Once you’ve found the best new electric vehicle for you in 2022, your next job is to figure out how to charge it. Download the Bonnet app and you can access 70,000+ public chargers across more than 17 charging networks to make EV charging easy.

April 23, 2022

According to Bonnet

Thinking of making the switch to electric in 2022? Good on you. After all, it’s time to think seriously about our carbon emissions and take appropriate steps to reduce them. But what are the best new electric vehicles that you could be buzzing about in? Here’s our quick guide. 

Hyundai Ioniq 5

Premium is not necessarily a word we’re used to associating with Hyundai, but make no mistake, the Ioniq 5 is an electric car that can rival more esteemed names such as the Tesla Model Y and the Volkswagen ID.4.

Impressive across the board, your £37,000 buys you good performance, excellent charging ability and sleek, pared-back looks that are the perfect counterpoint to some of its over-styled rivals. When it comes to that all-important range, the 214bhp mid-spec version can take you up to 298 miles, with the entry 168bhp model good for a respectable 238 miles. It’s also a great-sized family car with plenty of room for the kids. The only major negatives are a shallow boot, and strangely enough, no rear wiper. 


image

Porsche Taycan

Do you have big bag of cash stashed under your bed? Yes? Well, this could be the EV for you. At an entry price of £72,850, the Taycan is a distant dream for most of us, which perhaps means it shouldn’t be on this list. However, right now, it’s probably the most desirable electric car on the planet. Sustainability can be sexy everybody, and here’s the proof.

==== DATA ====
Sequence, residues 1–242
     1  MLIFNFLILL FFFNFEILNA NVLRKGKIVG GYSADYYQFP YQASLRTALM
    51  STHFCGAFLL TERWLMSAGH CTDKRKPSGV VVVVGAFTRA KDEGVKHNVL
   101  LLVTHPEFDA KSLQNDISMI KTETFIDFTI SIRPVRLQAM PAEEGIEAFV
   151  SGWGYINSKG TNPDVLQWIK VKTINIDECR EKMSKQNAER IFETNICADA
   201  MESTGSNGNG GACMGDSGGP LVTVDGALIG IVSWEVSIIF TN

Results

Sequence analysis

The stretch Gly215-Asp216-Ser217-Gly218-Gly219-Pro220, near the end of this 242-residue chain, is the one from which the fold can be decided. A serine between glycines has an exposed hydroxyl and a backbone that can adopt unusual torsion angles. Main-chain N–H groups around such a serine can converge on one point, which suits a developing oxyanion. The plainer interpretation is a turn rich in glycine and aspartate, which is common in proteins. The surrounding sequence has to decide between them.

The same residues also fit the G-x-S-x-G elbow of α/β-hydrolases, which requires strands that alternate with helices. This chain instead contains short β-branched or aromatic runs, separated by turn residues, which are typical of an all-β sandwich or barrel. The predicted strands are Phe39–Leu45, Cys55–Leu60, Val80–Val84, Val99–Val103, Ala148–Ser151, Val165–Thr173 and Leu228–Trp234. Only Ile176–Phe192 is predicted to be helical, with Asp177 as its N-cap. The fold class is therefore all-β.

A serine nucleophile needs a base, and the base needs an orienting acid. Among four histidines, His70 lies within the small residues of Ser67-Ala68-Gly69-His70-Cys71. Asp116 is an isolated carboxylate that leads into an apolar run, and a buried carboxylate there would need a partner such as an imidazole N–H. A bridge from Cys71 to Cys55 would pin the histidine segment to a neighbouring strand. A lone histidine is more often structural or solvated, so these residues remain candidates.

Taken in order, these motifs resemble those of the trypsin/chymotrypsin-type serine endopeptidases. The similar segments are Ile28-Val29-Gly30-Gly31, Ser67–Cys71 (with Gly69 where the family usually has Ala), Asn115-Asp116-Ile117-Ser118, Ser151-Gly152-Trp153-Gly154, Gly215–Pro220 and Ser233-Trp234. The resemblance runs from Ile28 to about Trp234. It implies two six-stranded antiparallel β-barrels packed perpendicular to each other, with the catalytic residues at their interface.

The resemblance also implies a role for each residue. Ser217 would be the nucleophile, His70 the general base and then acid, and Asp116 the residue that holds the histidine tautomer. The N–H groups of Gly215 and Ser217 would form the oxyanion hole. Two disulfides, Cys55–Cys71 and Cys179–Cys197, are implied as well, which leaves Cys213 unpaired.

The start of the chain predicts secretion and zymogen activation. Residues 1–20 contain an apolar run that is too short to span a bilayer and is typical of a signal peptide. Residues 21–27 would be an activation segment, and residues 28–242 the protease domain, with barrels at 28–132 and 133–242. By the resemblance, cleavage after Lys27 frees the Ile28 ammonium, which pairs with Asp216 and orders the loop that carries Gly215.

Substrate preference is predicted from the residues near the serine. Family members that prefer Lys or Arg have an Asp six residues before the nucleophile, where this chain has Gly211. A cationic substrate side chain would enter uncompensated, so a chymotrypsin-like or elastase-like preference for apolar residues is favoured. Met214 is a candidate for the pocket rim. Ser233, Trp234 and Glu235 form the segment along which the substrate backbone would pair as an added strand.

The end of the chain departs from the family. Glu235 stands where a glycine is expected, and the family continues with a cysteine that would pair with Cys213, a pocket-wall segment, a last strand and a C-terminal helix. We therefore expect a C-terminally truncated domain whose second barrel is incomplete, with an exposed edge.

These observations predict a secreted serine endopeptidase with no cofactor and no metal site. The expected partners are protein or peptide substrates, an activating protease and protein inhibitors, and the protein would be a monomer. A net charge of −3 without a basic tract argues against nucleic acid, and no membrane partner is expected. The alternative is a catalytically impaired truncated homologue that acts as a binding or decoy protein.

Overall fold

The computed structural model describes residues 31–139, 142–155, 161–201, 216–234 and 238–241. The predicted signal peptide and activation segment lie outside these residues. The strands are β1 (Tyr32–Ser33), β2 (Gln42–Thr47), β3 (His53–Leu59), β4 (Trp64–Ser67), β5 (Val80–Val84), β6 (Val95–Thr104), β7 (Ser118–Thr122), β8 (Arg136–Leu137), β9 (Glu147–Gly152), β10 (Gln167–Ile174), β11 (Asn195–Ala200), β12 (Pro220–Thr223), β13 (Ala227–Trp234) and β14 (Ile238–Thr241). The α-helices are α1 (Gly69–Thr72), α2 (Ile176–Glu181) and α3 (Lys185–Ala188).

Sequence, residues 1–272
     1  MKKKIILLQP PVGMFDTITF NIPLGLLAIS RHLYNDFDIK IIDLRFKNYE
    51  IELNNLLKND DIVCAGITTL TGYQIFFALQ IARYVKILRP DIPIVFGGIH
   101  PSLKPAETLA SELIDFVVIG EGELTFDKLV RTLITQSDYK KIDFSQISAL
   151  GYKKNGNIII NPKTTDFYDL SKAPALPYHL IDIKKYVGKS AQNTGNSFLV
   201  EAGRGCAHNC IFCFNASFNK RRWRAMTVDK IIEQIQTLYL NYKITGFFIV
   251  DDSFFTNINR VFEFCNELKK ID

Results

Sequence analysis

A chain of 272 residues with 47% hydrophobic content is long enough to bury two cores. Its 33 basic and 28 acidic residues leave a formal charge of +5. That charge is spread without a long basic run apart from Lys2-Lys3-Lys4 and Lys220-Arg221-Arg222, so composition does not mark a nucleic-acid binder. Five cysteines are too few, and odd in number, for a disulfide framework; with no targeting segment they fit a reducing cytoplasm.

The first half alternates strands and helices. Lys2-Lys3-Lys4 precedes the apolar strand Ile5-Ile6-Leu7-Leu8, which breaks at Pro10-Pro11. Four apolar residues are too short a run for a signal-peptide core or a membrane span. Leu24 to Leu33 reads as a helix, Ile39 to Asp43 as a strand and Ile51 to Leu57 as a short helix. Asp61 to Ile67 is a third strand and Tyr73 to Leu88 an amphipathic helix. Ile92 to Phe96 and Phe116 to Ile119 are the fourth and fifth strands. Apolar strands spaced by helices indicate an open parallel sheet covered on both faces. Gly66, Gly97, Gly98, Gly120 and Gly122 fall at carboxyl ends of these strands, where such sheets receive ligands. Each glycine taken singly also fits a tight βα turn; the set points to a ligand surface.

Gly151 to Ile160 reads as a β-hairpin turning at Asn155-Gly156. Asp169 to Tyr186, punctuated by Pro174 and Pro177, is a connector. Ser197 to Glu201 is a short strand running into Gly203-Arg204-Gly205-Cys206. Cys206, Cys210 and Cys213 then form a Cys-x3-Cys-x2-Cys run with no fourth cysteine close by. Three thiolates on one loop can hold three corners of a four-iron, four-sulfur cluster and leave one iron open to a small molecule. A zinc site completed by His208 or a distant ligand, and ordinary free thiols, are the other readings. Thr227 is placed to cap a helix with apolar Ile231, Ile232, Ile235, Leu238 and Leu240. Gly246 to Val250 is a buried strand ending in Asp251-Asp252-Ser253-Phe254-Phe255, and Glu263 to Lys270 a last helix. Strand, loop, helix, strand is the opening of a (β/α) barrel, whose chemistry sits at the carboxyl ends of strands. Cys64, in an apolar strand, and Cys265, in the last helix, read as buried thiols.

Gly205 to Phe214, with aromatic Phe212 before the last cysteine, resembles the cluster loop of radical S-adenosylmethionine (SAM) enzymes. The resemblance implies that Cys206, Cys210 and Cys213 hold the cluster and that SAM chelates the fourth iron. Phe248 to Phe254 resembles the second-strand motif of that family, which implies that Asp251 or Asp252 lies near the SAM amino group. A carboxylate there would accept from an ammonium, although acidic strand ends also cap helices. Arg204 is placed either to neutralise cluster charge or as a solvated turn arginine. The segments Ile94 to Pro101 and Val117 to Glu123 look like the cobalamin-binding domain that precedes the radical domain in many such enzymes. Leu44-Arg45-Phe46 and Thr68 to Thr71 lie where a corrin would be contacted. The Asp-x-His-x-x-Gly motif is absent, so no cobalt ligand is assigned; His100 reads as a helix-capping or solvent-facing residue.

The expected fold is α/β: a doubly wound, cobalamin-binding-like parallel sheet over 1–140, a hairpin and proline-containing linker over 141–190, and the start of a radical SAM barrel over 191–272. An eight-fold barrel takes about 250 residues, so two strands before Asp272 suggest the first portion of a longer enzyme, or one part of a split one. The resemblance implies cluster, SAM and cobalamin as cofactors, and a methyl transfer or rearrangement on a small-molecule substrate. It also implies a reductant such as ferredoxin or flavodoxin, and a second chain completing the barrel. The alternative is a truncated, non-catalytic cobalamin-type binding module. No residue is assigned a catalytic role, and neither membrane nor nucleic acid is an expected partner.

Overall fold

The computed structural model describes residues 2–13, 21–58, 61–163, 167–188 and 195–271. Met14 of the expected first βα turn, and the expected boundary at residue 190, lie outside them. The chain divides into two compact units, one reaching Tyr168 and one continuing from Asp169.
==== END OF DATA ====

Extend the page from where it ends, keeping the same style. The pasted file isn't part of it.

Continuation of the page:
The Taycan’s performance is ridiculous. Despite being a hefty 2.2 tonnes in weight, it offers sports car handling and sickenly fast acceleration. In terms of the practicalities, it has four usable seats, offers up to 287 miles in range, and has a Cross Turismo estate version that brings comfort and versatility. On the downside, despite having to remortgage, you’ll probably still need to add some options, and even though it has a good range, it’s far from class leading. 


The New Fiat 500

So far we’ve covered a couple of family-sized EVs, but what about those of you are looking for a nippy city runabout? The Fiat is precisely that, offering the same cheeky good looks that made the combustion-engined version such a hit, but with the addition of a battery so you can dart cleanly through the urban traffic.

The Fiat 500 EV comes with two battery options: a 24kWh ‘City Range’ variant, which offers up to 115 miles of range, and a 42kWh ‘Long Range’ version that’ll take you 199 miles on a single charge. Yes, the rear seats are a bit cramped and the boot is quite small, as you’d probably expect from such a compact car, but the performance is punchy and it’s far better to drive than the Fiat 500 Hybrid.


Skoda Enyaq